However, the CSA noted that many of the ICOs it reviewed at the request of fintech businesses qualified as securities. The CSA offered some guidance if the coins/tokens are determined to be a security:

  • Promoters of ICOs: Businesses offering the ICO must comply with securities laws. This includes filing a prospectus or relying on the available exemptions (such as selling only to accredited investors or providing an offering memoranda).
  • Dealers: Businesses trading coins/tokens for a "business purpose" must register as a dealer or rely on an available exemption. Whether a business is trading for a business purpose will depend on, among other things, whether it is soliciting a broad base of investors, including using the internet (including websites and discussion boards) and attending public events. Once registered, businesses must comply with dealer obligations, including KYC (know your client) and investor suitability requirements.
  • Cryptocurrency funds: Investment funds are increasingly being set up to invest in bitcoin and other cryptocurrencies. The CSA highlighted a number of regulatory issues fintech businesses looking to establish such funds should consider.

Moving forward

The cryptocurrency space is exciting and dynamic with much territory left to be charted. While the securities regulators are taking notice and have offered recent guidance on the matter, there are still many questions to be answered as the law evolves to keep pace with this swift moving technology and its applications. To this end, the CSA has set up a "regulatory sandbox" to try to support businesses by allowing firms to register and/or obtain exemptive relief from securities law requirements under a faster and more flexible process.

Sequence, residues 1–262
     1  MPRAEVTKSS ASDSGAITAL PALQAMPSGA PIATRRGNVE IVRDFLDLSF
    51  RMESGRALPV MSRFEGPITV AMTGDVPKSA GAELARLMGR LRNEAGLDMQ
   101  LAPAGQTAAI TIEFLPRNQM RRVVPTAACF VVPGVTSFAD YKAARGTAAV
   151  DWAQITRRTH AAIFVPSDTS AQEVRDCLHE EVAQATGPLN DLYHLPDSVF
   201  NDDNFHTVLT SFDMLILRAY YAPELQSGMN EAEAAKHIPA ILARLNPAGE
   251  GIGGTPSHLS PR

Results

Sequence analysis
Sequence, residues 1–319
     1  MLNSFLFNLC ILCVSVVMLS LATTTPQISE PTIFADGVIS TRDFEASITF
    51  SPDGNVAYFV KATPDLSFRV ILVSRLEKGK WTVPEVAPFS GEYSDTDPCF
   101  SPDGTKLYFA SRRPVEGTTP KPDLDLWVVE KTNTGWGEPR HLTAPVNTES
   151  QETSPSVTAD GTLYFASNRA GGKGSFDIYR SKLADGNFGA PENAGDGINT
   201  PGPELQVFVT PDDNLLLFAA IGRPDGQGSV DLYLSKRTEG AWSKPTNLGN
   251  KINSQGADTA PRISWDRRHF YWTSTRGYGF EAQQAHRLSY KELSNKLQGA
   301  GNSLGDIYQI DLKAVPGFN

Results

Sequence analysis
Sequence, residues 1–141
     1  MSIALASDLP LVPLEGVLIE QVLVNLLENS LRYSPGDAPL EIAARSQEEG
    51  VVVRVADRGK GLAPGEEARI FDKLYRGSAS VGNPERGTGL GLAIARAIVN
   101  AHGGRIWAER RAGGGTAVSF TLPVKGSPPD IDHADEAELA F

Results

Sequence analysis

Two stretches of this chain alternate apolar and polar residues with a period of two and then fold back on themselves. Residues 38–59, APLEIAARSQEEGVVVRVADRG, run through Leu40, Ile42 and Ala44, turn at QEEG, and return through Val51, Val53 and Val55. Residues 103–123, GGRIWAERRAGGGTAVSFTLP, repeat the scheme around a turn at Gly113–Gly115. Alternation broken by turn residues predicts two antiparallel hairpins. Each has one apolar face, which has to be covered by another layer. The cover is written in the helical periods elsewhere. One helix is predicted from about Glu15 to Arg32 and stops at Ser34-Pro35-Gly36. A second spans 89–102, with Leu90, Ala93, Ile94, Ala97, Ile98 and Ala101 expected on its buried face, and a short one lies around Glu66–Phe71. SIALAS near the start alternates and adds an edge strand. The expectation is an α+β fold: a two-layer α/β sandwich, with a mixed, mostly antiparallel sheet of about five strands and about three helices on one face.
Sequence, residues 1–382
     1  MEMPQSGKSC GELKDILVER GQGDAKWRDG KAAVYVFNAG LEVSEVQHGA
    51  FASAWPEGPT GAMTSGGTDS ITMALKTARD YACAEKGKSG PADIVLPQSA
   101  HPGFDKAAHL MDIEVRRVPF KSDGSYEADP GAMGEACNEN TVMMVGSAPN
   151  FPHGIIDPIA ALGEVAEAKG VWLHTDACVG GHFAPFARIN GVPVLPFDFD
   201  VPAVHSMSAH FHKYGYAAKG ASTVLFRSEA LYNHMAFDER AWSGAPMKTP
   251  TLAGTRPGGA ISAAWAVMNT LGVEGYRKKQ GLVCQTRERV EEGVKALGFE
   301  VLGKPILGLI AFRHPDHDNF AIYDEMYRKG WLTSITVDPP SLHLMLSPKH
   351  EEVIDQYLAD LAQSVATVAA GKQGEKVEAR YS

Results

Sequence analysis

In this brave new world, uncertainty and disruption are the norm. Participants and interested participants should consider connecting with their professional advisors to ensure compliance with securities (and other) laws.


1 Canadian Securities Administrators, Staff Notice 46-307 Cryptocurrency Offerings dated August 24, 2017.

2 Securities Exchange Commission, Report of investigation pursuant to section 21(a) of the Securities Exchange Act of 1934: The DAO dated July 25, 2017 (Release No. 81207).

3 Ontario Securities Commission, Press Release "OSC highlights potential securities law requirements for tributed ledger technologies" dated March 8, 2017.

The content of this article is intended to provide a general guide to the subject matter. Specialist advice should be sought about your specific circumstances.